England cricketer Ben Stokes’ performance in the world cup final came as no surprise to his former secondary school PE teacher, who had seen similar feats in the past.
Stokes produced a crucial knock as England won the world cup for the first time, making an unbeaten 84 to force a super over in which he and Jos Buttler scored 15 to help the hosts to victory at Lord's.
"It's one of the privileges of my job," said PE teacher Chris Hayes, who taught Stokes for four years at Cockermouth School in Cumbria.
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"You get to have these children and people that cross your path and you have moments with them and they are memorable moments that nobody can ever take away. We had some great adventures," the PE teacher added.
Hayes, who watched every ball of the world cup final, said: "I was absolutely convinced he would not be out. I've seen that in him before. He won't give his wicket away.
"He'll take that responsibility to try to see the job through and close the deal. He had that determination all the time, that game management as well as the talent. It doesn't surprise me at all that he was able to do that.
"You talk about his lack of concentration in the team meeting or school environment, but the ability to concentrate with that bat in hand is unbelievable and he showed that on many occasions with us."
Hayes soon found out Stokes learned best by doing, and believes PE was "his natural environment"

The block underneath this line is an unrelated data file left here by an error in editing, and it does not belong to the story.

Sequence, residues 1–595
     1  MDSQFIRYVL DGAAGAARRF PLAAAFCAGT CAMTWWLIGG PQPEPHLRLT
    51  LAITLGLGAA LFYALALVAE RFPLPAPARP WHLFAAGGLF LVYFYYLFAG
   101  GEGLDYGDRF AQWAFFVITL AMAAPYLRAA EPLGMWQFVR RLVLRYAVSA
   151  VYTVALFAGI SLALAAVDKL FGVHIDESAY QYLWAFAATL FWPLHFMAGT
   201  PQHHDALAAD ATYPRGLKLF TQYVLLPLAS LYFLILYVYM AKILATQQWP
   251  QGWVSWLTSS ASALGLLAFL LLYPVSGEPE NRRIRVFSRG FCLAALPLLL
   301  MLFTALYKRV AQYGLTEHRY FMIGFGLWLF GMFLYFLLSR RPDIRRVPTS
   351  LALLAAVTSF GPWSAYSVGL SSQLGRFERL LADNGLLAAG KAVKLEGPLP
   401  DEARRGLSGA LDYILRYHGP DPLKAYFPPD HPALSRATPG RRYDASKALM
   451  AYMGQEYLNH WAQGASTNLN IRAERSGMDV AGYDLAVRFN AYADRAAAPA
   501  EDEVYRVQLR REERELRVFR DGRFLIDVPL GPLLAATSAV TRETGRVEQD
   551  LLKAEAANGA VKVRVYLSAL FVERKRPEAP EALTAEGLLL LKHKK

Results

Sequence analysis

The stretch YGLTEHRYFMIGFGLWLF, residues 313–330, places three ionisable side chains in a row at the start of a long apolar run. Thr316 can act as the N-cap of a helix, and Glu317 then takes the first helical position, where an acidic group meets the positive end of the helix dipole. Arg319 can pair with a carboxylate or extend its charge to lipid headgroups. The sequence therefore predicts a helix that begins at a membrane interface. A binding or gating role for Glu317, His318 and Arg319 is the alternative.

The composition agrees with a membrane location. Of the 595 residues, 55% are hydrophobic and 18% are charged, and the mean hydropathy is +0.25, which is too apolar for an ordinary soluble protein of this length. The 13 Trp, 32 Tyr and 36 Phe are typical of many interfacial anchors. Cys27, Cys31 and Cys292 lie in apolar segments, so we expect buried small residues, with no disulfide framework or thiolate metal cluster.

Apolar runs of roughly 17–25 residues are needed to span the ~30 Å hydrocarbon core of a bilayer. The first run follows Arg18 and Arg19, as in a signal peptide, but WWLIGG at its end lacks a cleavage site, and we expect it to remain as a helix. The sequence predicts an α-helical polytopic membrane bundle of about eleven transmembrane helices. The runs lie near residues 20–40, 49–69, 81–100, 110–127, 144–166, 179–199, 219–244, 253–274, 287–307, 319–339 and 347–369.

He said: "One of the terms is a kinaesthetic learner, which basically means you only learn through movement."
Meanwhile, Cockermouth School put out a tweet saying everyone was proud of the former pupil.
Everyone at Cockermouth School is proud of our former student Ben Stokes. From promising schoolboy to World Cup winner. Well done Ben! pic.twitter.com/yN1V6sxFBz— Cockermouth School (@cockermouthsch) July 14, 2019
Stokes' family had moved over from New Zealand after father Ged became head coach for rugby league side Workington. He joined the school aged 12, in 2003, and also shined at rugby and football.
Hayes, who is about to retire after spending 27 years at the school, said: "[Stokes] was a naturally able sportsman, physically very able and highly coordinated.
"He wanted to be involved in all formats of the game –his batting, his bowling, his fielding. He could throw the ball further than anybody I'd ever seen."
Stokes' arrival added to a team Hayes said already had a number of "very talented cricketers" and he named that group as the highlight of his coaching career.
"They were the most able team that I've ever had," he added. "We were able to compete as a state secondary school with the elite of the public schools, on an equal level in terms of ability. And we beat quite a few of them."
The performance on Sunday was no surprise to Hayes, who has received a signed shirt from Stokes to mark his upcoming retirement, and he is left to reflect on having a role in the development of a player named man of the match in a world cup final.
"I was pretty convinced he would be a professional cricketer. He's not just a professional cricketer, he's not just an international cricketer, he's actually a world-class cricketer. You can't really spot that!
"You think this lad is good and he'll make a cricketer, but to go on and be a world-class cricketer... he's been unbelievable."